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Tight-knit Posses Grow Across Nation’s Campuses

Members of the Carleton College Houston posse matriculated at Carleton in fall 2014. (Photo courtesy of the Posse Foundation)Members of the Carleton College Houston posse matriculated at Carleton in fall 2014. (Photo courtesy of the Posse Foundation)As a high school senior in Hyattsville, Maryland, Austin Gladden set his sights on heading to the University of Maryland or James Madison University. Both are close to home, but as it turns out, life planned to send him further afield.

Unbeknownst to him, Gladden had been nominated to the Posse Foundation, which would place him with a school and help provide him with tuition money. Successfully moving through four rounds of interviews, Gladden is now set to attend the University of Wisconsin next fall.

Once he was nominated to attend the University of Wisconsin as a Posse Scholar, Gladden still had to apply and be admitted. The process was not without its stresses, but was “totally worth it,” he says.

“When I found out I was nominated for the school, I’m one of those people who immediately goes on the website, looks at the YouTube videos, so I was kind of set on going there,” he says. “So when I did get selected, I was shocked. I almost threw my phone when they called me and told me that I made it because I was so excited.”

Gladden says he plans to study journalism or communications — and that he is even looking forward to outfitting himself with the obligatory heavy coats and boots for Wisconsin’s sub-zero winter days.

Even though the college application process itself is a daunting prospect for many high school seniors, Gladden says he had a feeling of being “right at home” with Posse from the start of the selection process in September.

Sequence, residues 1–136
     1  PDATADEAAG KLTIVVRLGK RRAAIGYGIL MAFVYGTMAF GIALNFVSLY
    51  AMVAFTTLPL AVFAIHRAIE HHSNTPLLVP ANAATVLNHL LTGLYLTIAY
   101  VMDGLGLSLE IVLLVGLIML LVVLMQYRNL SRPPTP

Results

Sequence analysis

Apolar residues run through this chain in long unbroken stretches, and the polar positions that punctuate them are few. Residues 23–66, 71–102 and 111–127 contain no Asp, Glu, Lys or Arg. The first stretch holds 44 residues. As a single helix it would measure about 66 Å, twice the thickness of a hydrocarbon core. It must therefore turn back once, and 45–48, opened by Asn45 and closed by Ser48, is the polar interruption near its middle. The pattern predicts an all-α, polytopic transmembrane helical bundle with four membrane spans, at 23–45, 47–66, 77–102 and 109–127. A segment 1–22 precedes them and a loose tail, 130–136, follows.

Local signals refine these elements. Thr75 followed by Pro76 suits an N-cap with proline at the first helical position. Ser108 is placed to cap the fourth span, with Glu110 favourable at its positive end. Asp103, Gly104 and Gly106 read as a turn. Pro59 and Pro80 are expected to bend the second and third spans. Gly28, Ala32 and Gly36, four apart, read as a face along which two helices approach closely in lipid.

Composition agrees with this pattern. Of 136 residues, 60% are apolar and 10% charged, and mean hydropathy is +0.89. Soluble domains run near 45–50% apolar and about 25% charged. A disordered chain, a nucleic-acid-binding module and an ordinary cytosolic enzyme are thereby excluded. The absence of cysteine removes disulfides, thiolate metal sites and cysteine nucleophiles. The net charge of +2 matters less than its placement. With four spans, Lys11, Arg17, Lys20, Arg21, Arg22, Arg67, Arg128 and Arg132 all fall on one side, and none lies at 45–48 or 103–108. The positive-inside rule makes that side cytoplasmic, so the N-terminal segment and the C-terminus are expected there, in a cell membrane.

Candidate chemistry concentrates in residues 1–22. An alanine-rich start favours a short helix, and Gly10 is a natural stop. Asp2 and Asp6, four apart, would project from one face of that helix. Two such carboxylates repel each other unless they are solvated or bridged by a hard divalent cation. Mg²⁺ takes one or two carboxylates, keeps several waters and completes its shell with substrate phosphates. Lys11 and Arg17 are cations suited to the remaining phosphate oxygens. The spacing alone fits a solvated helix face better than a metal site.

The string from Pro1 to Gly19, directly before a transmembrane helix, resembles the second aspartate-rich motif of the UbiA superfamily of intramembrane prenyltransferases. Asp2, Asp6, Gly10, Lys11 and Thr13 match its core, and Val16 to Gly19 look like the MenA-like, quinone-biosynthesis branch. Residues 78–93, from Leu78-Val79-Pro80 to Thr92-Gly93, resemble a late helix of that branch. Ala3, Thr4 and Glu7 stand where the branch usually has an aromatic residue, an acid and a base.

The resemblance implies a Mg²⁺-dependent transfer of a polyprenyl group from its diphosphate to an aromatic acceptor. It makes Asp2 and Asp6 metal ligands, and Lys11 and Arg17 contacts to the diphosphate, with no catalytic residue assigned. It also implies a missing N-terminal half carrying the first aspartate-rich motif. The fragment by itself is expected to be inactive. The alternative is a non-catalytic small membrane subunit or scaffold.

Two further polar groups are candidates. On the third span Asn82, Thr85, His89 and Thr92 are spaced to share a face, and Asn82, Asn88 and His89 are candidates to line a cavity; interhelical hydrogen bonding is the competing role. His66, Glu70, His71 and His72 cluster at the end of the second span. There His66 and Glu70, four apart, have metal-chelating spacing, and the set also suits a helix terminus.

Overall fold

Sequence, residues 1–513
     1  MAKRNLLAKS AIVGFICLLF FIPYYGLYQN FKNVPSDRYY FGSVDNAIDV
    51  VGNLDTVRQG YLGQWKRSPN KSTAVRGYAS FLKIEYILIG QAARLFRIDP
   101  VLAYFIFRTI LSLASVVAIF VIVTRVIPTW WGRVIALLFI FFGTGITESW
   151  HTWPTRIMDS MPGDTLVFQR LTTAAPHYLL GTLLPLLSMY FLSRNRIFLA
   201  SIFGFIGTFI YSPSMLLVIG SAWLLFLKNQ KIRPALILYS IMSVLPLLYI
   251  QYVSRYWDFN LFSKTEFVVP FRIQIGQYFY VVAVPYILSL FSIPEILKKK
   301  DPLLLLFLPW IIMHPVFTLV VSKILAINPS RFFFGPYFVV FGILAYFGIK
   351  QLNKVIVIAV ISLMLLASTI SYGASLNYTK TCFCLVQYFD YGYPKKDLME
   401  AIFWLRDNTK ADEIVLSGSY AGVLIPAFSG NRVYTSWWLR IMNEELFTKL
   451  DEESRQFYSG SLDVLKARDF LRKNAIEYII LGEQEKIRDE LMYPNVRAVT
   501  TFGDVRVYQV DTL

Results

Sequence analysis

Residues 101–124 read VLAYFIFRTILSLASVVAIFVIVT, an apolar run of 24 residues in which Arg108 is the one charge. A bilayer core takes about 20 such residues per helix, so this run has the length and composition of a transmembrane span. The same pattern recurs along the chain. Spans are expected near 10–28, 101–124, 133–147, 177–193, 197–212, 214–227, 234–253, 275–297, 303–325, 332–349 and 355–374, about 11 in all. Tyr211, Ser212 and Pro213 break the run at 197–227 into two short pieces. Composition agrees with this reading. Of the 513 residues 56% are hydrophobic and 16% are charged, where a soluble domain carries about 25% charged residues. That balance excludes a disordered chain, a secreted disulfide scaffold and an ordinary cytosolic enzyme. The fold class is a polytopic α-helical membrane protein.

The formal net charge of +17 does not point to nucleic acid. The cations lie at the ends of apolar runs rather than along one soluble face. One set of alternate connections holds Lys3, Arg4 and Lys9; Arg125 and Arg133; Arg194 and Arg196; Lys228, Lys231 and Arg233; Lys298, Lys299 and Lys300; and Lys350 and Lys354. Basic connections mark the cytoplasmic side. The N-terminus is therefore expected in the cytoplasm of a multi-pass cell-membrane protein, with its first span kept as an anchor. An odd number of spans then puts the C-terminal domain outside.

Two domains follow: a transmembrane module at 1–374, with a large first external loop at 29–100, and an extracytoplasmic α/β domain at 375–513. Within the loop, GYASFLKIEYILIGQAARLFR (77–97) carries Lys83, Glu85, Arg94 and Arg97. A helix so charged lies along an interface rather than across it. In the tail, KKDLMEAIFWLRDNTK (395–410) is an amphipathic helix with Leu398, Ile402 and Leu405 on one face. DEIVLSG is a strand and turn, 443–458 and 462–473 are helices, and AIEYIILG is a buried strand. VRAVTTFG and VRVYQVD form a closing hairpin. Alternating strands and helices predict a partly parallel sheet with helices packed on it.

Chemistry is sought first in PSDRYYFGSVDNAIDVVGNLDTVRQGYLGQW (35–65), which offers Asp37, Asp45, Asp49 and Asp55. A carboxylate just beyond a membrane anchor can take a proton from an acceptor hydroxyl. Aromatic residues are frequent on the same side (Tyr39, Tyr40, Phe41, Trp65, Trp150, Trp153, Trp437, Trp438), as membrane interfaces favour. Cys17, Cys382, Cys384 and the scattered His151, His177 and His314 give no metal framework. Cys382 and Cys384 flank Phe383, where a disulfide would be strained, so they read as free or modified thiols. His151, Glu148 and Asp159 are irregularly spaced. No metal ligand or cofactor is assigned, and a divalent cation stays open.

“­They really just made me feel like I was at home, like I could really talk to somebody and get feedback on certain things,” Gladden says of the people he met during the process. “It really felt like I was talking to somebody who was in my family, or one of my best friends.”

Breaking records

Gladden is part of one of the largest contingents of Posse Scholars to date. He will join 680 others as freshmen on college campuses across the nation next fall. They will be divided into groups of about 10 each, embark on an eight-month training program and eventually head to college together.

The Posse Foundation, which is celebrating its 25th year of existence this year, also announced its largest haul yet in scholarships from partner institutions. Posse Scholars will be awarded a total of $117 million in aid to attend well-regarded colleges and universities across the nation.

The foundation works on a city-by-city basis. Headquartered in New York City, there are eight other regional offices in major metropolitan areas across the country, such as Boston, Washington, D.C., Chicago and Los Angeles.

As with Gladden, local students are nominated to the program by teachers or other community leaders. They are students who show leadership or talent in some way, but might otherwise be overlooked in the traditional application process due to a lack of guidance or other resources.